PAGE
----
“Way too heavy for a pale.”–G.B.
“Despite its awful label, the sweet hoppy flavor is great.”–J.W.
“Very hoppy and nutty, dry, had a bit of an aftertaste.”–K.G.

The Skinny: A good pale ale with plenty of body and character.

Steelhead Extra Pale Ale


Label: 3 ½ stars
Name: 3 ½ stars
Taste: 4 stars
Would go with: Grilled meat, pig roast, fried fish, pretzels
Would you buy? 79% said yes

Nutty, hoppy, sweet, mild, minerally, crisp–nearly every taster found something different to say about this ale, but every one of them liked it. A few fell in love. Even Deputy Editor Gerry “just gimme a Bud” Bethge called it a “nice beer.” Basically, Steelhead EPA does everything well without overdoing it in any category–although the steelhead on the label is a bit understated. Why minimize one of the greatest fighting fish on the planet? Bottled in California, the distribution network covers 28 states throughout the country.
“Well balanced taste. One of my favorites.”–K.B.
“Easy to drink. I’d like something stronger after a day of steelheading, though.”–C.K.
“Crisp and hoppy.”–J.W.
“Brisk and refreshing, minerally and dry.”–D.N.

The Skinny: A crowd-pleasing ale. Enjoy the label in strong light.

Striped Bass Pale Ale


Label: 4 stars
Name: 3 ½ stars
Taste: 3 ½ stars
Would go with: Fried fish, grilled meat, pig roast, pretzels
Would you buy? 71% said yes

The Devil’s Backbone Brewing Company in Virginia named this ale after the state’s official marine saltwater species (though several states claim the species as their own), and the artwork on the can is a splendid rendition of a big rock. Tasters generally liked this beer–though everyone seemed to find something different about it, from too strong to too light; great hops to light hops, bitter to mildly fruity. Two gave it top taste ratings, and only one scored it a less than average–quite commendable for a canned beer.
“My top overall choice.”–J.A.
“A bit watery.”–J.M.
“Love the label, but too strong and hoppy for me.”–J.C.
“Dry, refreshing–a winner.”–D.N.

The Skinny: A good ale in a good container, named after a great fish. Props for putting the Latin species name on the label.


Sweetwater 420 Extra Pale Ale


Label: 3 stars
Name: 3 stars
Taste: 3 stars
Would go with: Grilled meat, pig roast, pretzels
Would you buy again? 57% said yes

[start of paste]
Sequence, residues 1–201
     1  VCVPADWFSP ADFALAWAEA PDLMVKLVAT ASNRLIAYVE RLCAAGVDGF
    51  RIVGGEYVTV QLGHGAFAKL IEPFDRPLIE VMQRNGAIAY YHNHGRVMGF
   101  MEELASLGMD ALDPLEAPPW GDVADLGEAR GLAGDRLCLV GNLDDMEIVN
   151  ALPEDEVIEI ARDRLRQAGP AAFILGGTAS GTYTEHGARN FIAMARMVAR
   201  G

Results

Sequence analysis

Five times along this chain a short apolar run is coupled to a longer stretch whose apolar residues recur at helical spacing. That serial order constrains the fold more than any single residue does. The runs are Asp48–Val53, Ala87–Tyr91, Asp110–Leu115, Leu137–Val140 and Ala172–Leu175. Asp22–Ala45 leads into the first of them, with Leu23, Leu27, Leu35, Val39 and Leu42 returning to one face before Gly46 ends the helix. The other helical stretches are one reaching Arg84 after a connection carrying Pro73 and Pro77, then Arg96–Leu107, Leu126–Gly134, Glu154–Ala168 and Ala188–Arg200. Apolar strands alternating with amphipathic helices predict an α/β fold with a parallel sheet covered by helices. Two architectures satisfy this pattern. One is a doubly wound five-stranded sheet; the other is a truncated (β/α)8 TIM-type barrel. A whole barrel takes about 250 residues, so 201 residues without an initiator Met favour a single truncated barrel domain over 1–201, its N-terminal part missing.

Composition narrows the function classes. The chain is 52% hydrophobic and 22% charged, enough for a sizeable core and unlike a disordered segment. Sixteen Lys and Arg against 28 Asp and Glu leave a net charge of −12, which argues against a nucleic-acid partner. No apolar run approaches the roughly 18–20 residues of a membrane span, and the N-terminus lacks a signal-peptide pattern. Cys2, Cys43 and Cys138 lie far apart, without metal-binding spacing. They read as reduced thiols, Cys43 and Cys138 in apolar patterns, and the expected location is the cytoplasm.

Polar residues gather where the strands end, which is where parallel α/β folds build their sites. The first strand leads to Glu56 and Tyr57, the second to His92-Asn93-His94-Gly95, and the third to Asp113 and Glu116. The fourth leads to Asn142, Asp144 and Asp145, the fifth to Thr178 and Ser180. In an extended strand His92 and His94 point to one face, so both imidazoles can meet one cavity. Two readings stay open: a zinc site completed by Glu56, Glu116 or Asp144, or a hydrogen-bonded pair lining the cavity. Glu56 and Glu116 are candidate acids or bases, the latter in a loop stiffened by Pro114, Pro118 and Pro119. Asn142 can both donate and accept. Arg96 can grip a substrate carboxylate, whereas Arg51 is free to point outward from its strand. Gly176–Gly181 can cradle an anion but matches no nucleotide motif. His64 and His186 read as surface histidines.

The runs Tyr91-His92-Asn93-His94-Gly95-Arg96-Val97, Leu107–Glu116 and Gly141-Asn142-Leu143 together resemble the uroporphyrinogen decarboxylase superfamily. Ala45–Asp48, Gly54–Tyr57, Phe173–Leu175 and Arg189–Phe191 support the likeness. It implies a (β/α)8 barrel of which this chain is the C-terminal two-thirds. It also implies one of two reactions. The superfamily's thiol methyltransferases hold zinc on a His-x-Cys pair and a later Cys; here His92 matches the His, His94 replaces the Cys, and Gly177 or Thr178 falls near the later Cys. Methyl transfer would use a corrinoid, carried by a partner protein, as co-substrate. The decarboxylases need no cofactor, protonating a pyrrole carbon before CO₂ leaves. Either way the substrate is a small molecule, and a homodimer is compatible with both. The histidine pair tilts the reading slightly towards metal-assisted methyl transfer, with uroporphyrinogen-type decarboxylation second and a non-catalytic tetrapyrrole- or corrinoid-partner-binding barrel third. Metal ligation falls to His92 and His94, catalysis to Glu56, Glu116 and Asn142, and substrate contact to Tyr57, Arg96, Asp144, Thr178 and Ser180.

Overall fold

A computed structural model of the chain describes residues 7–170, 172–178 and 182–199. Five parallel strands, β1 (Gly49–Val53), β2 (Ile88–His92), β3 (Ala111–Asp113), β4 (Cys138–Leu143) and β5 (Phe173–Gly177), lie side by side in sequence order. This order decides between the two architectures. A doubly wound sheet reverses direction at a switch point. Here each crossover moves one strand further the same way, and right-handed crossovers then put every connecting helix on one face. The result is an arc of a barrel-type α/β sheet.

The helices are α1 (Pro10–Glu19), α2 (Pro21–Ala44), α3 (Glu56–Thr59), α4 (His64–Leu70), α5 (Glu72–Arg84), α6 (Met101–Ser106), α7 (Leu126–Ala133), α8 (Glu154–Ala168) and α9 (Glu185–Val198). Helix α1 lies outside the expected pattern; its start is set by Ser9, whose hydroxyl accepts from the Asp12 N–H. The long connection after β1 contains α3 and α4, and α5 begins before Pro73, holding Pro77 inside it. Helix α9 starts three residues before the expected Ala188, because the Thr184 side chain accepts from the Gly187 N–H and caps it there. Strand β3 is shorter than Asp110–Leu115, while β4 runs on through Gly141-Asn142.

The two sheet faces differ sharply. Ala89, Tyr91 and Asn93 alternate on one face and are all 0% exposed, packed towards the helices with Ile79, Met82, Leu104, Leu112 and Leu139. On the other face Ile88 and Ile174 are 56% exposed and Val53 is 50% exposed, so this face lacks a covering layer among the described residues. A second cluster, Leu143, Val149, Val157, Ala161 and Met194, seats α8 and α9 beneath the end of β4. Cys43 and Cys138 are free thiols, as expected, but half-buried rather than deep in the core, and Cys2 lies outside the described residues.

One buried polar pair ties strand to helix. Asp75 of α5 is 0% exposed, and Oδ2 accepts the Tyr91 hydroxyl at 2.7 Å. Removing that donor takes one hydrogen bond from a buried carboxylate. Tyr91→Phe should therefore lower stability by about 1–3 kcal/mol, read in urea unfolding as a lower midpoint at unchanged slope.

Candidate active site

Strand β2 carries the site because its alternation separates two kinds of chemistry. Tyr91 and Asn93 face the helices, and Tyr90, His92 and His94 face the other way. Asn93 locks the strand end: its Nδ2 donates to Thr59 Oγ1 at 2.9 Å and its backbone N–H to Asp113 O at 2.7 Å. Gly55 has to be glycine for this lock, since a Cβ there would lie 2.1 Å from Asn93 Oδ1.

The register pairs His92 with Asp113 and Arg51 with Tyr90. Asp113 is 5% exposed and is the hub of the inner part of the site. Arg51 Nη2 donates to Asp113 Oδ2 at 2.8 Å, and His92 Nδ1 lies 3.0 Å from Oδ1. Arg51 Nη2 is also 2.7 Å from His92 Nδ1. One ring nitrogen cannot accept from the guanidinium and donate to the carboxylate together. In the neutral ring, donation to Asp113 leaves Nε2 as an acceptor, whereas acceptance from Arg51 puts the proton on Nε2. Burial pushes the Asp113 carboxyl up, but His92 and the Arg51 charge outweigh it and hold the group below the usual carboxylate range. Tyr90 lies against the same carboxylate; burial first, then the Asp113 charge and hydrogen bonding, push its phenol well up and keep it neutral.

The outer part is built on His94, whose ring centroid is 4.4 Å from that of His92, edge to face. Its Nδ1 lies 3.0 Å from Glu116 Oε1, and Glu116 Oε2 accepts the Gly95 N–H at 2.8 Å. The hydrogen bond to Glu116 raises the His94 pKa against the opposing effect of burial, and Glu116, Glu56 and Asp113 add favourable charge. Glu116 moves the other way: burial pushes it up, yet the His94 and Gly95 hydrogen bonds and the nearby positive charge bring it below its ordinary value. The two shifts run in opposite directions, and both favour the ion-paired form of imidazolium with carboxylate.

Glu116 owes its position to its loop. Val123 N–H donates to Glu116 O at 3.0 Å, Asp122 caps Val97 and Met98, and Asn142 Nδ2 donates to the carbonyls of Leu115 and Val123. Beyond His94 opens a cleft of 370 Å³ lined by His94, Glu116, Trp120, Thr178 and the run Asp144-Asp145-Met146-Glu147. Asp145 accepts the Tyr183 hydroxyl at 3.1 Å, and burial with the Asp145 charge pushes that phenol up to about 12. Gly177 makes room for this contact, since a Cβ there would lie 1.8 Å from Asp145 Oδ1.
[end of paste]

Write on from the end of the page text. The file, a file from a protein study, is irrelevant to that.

Sweetwater is a self-described West Coast brewery that relocated in the late 1990s from Boulder to Atlanta, Georgia and features a jumping trout on their logo. (This is not at all a mismatch if you’ve ever fished the Chattahoochee River; the river runs cold through town and offers excellent trout fishing.) The 420 brew scored a solid three stars in every category, though individual taster ratings varied widely. Some thought it clean and smooth while others found it too sweet and hoppy.
“Drink only if you’re an IPA fan. The beer is not sweet at all.”–D.N.
“Best mix of hops and sweetness. I bet it’s great with barbecue.”–K.B.
“Nothing memorable.”–C.K.
“Nutty, smoky.”–J.W.

The Skinny: If you’re a diehard ale fan, or a Westerner in Dixie, get this beer.

Trout Slayer


Label: 4 stars
Name: 4 ½ stars
Taste: 3 ½ stars
Would go with: Fried fish, pretzels, grilled meat, sauteed trout
Would you buy? 86% said yes

The bottlers of the famous Moose Drool Brown Ale make this wheat ale with the no-nonsense name. We sampled the canned variety, which unfortunately is a poorly reproduced version of the colorful, old-school fly-fishing scene on the bottled type. Many tasters complimented the taste and were impressed to find such quality beer in a can. While a strong wheat beer can be too bold for some, most testers thought this struck a fine balance, and was even a bit on the light side for a wheat.
“A good drinking beer.”–G.B.
“Dry, but with some fruit. Hard-core name!”–A.L.
“The best wheat beer I’ve had in a can.”–D.N.

The Skinny: A solid wheat beer that holds up in aluminum.



Label: 3 stars
Name: 3 stars
Taste: 3 stars
Would go with: Grilled meat, pretzels
Would you buy? 43% said yes

This Wisconsin combination brewery and restaurant did not rely on subtlety when naming several of their beers after Midwest fish species: Floppin’ Crappie Ale, Prickly Pike’s Pilsner, Mouthy Muskie Light, and this IPA, which had tasters at odds. Some found the bold hop flavor (and bottom sediment) appealing and unique, while others found it off-putting.
“Lots of IPAs taste the same, but this one stands out, in a good way.”–J.T.
“Very hoppy. A bit bitter.”–P.S.
“Looks like something you’d see in a gift shop on Lake Mille Lacs.”–J.C.
“Bold, bright flavor. I love a bitter IPA and this delivers.”–C.K.

The Skinny: No middle ground here. You’ll either like Wall-IPA a lot or you won’t. The beer is only available in Wisconsin (and a portion of Minnesota), so if you’re going to do the Dells, grab a six and find out.